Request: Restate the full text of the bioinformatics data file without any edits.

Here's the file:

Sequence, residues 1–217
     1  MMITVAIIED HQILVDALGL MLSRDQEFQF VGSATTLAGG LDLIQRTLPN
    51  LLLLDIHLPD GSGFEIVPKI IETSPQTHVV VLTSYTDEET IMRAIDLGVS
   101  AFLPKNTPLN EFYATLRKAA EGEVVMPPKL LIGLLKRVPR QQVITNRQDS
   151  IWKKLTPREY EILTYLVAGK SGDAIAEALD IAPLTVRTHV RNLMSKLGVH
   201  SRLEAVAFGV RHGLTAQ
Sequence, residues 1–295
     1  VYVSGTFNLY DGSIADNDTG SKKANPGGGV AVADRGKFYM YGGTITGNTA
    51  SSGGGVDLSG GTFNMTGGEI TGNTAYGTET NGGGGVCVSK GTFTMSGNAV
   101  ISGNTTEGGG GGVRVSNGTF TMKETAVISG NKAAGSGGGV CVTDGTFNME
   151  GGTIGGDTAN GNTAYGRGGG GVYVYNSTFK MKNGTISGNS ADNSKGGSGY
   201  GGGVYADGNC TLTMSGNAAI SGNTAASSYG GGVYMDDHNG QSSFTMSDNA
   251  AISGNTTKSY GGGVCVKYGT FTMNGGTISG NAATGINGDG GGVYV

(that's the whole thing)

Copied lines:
Sequence, residues 1–217
     1  MMITVAIIED HQILVDALGL MLSRDQEFQF VGSATTLAGG LDLIQRTLPN
    51  LLLLDIHLPD GSGFEIVPKI IETSPQTHVV VLTSYTDEET IMRAIDLGVS
   101  AFLPKNTPLN EFYATLRKAA EGEVVMPPKL LIGLLKRVPR QQVITNRQDS
   151  IWKKLTPREY EILTYLVAGK SGDAIAEALD IAPLTVRTHV RNLMSKLGVH
   201  SRLEAVAFGV RHGLTAQ
Sequence, residues 1–295
     1  VYVSGTFNLY DGSIADNDTG SKKANPGGGV AVADRGKFYM YGGTITGNTA
    51  SSGGGVDLSG GTFNMTGGEI TGNTAYGTET NGGGGVCVSK GTFTMSGNAV
   101  ISGNTTEGGG GGVRVSNGTF TMKETAVISG NKAAGSGGGV CVTDGTFNME
   151  GGTIGGDTAN GNTAYGRGGG GVYVYNSTFK MKNGTISGNS ADNSKGGSGY
   201  GGGVYADGNC TLTMSGNAAI SGNTAASSYG GGVYMDDHNG QSSFTMSDNA
   251  AISGNTTKSY GGGVCVKYGT FTMNGGTISG NAATGINGDG GGVYV